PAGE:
Health effects of low level occupational exposure to lead: the trail, British Columbia study

Arch Environ Health. 1983 May-Jun;38(3):180-9. doi: 10.1080/00039896.1983.10544002.


Blood lead (PbB) was measured in a sample of 245 lead smelter employees and their wives in Trail, B.C. and 144 controls in Nelson, B.C. Smelter workers were divided into three groups according to lead exposure: (1) directly-exposed, (2) indirectly-exposed, and (3) office workers. The average PbB values found (41, 33, and 16 micrograms/dl, respectively) reflected exposure level. In the highest exposure group, male smokers had significantly higher PbB concentrations than nonsmokers (44 vs. 37 micrograms/dl). For exposed males, average number of "days off work ill" increased with increasing PbB range and significant correlations were found between PbB values and five biologically plausible health symptoms. None of those symptoms planted to detect response bias correlated. Because of a 4-month strike, PbB values were measured in a sub-sample from each exposure group before and 1, 2, and 4 months after smelter operation resumed. Exposed workers' PbB levels stabilized after 1 month's operation.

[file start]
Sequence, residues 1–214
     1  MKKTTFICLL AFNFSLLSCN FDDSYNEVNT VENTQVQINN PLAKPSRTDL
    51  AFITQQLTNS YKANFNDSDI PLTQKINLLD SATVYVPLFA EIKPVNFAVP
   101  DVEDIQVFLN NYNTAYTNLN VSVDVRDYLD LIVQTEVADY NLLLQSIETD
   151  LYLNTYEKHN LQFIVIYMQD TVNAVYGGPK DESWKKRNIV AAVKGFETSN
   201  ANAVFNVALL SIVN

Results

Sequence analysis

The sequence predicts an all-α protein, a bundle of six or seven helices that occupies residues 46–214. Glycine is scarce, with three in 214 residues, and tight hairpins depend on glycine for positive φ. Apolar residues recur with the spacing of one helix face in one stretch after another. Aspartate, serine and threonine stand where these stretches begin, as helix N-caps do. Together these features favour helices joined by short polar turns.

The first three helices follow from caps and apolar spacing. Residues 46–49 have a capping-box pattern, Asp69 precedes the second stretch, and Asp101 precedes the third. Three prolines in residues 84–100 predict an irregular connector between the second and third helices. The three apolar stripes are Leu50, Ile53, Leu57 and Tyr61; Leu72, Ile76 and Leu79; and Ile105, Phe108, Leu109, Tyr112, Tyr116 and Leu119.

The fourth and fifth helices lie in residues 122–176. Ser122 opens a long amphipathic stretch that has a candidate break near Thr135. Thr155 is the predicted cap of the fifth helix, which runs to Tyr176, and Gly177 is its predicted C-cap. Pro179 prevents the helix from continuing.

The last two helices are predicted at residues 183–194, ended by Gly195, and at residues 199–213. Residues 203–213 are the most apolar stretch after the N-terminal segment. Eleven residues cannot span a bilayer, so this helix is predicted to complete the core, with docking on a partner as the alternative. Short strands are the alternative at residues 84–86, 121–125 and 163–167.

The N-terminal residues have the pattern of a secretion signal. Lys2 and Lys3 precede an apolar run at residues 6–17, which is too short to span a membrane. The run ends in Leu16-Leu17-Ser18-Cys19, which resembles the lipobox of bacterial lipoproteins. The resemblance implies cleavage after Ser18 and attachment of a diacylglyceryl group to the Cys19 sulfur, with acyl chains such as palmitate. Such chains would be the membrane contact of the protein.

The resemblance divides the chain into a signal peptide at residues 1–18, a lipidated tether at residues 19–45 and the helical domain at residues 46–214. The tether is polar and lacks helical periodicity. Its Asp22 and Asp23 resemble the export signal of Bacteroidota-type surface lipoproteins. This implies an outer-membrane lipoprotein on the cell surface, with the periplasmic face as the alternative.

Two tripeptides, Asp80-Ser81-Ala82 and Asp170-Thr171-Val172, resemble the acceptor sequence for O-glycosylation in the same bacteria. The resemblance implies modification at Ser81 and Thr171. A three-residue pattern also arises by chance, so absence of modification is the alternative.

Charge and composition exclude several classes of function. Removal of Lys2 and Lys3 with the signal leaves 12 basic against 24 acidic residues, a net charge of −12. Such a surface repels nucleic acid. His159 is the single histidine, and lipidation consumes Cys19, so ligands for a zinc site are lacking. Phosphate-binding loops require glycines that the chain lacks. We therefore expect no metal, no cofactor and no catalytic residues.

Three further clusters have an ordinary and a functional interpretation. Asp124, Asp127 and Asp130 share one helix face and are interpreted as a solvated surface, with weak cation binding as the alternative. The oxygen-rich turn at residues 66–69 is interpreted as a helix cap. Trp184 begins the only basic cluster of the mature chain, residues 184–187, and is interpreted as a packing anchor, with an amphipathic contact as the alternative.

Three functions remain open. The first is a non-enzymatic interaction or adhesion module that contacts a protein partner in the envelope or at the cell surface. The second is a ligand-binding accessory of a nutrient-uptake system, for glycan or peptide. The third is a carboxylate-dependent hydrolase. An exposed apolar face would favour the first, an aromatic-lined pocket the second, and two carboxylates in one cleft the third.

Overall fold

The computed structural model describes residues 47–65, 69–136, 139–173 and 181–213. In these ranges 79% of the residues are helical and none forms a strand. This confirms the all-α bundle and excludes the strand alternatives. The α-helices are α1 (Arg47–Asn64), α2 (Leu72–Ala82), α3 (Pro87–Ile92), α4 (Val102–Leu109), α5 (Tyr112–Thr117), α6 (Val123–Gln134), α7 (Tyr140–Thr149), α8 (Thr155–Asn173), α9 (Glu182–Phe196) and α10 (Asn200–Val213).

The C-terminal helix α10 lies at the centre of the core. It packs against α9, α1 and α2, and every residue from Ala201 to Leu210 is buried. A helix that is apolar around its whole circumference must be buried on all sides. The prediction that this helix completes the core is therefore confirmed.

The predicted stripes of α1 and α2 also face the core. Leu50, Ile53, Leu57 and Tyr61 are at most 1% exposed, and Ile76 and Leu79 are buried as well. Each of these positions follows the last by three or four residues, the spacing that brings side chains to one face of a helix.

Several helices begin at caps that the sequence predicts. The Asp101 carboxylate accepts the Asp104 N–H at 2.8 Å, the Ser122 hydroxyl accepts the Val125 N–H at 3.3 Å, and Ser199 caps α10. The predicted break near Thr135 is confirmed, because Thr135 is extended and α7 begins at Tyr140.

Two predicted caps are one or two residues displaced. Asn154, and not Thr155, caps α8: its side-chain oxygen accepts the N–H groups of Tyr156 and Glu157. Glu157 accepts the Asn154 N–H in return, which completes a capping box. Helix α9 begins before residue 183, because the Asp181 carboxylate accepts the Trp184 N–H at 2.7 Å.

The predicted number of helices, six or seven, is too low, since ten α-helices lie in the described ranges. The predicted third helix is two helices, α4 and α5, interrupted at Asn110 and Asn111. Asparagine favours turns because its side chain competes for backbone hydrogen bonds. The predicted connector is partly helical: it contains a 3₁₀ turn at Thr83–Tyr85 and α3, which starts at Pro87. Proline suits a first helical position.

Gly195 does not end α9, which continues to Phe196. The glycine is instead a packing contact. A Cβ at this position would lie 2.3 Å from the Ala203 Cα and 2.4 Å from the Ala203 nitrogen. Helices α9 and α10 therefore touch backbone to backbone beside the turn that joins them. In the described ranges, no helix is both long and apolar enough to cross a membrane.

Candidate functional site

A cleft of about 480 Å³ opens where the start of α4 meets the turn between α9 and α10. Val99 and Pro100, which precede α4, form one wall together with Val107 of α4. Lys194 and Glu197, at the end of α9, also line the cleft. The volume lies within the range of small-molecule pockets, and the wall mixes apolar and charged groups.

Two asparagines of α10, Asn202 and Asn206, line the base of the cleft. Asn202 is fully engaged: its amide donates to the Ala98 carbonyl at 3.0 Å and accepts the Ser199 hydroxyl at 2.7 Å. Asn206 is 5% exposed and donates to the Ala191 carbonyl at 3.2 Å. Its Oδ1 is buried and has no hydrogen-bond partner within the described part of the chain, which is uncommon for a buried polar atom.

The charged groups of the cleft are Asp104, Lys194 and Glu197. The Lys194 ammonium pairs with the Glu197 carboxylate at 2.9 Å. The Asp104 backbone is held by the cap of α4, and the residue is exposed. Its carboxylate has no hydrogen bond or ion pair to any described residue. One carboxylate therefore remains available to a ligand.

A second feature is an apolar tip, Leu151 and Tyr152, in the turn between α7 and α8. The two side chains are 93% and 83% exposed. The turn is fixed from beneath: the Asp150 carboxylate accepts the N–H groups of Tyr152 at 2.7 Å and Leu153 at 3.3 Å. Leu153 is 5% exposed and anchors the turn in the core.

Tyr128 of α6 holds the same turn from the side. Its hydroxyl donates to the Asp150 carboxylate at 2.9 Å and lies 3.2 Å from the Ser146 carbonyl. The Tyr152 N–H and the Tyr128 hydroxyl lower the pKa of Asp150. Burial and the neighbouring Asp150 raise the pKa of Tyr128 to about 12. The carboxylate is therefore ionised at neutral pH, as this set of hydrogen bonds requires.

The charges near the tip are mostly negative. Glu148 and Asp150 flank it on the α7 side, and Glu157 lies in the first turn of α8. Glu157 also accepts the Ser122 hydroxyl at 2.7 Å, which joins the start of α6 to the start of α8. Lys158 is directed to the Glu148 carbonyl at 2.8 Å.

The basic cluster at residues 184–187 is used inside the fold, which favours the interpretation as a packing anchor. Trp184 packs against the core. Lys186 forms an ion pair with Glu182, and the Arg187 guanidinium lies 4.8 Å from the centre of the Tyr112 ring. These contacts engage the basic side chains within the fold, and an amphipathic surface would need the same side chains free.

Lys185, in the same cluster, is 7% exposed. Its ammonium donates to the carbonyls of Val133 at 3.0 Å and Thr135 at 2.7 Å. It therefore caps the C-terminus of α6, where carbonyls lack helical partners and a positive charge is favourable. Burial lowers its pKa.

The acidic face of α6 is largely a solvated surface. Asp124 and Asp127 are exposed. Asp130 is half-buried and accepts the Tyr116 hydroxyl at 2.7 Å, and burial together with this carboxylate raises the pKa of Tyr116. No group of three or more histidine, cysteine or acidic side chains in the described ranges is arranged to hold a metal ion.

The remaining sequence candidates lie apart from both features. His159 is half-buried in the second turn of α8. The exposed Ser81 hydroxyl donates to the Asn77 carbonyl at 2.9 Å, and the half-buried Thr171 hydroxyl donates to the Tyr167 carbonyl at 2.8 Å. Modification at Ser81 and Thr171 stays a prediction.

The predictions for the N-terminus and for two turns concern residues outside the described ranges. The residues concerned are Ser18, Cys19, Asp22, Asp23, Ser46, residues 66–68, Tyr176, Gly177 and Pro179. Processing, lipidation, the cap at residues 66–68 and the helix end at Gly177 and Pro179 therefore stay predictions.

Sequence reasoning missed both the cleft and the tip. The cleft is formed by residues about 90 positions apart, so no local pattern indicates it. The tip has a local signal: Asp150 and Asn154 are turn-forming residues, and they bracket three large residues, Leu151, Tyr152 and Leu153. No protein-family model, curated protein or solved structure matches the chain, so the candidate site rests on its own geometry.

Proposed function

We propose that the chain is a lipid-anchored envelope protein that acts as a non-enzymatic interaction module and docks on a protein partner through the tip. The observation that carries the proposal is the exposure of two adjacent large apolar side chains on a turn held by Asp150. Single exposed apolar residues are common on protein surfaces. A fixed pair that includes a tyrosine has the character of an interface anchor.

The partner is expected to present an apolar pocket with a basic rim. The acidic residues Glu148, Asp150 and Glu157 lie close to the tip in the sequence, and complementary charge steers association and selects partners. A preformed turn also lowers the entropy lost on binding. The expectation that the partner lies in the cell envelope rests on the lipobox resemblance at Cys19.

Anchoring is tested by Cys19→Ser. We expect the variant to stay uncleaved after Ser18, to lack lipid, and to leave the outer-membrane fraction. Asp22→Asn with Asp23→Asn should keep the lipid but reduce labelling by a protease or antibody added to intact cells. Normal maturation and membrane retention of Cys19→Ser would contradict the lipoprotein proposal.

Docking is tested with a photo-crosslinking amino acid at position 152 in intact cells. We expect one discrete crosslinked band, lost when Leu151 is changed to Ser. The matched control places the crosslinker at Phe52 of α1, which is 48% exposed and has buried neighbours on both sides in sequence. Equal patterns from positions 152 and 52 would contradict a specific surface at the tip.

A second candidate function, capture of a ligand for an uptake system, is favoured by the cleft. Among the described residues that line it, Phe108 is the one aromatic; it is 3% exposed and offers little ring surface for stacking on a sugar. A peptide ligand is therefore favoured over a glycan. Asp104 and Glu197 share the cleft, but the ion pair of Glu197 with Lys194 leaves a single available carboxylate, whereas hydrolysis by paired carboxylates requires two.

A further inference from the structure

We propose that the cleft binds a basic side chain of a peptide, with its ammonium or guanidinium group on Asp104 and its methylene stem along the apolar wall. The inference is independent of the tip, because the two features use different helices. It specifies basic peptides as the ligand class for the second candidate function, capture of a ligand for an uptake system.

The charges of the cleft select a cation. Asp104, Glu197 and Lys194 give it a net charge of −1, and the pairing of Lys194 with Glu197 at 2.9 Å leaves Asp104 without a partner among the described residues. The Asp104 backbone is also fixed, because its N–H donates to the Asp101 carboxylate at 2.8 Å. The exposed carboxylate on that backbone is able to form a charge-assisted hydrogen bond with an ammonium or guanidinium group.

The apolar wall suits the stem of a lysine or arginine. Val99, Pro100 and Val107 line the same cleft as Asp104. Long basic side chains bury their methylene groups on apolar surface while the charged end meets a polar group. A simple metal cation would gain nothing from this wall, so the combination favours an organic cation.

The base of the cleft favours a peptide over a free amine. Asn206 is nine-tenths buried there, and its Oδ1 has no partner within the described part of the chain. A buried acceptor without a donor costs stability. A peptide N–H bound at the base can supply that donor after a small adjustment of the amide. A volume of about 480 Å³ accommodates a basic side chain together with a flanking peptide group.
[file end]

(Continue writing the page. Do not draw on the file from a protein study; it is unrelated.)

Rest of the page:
Publication types

  • Research Support, Non-U.S. Gov't

MeSH terms

  • Absenteeism
  • Adult
  • Body Burden
  • British Columbia
  • Female
  • Hematocrit
  • Humans
  • Lead / blood*
  • Lead Poisoning / blood*
  • Male
  • Metallurgy
  • Occupational Diseases / blood*
  • Physical Examination
  • Protoporphyrins / blood
  • Sex Factors
  • Smoking
  • Time Factors


  • Protoporphyrins
  • Lead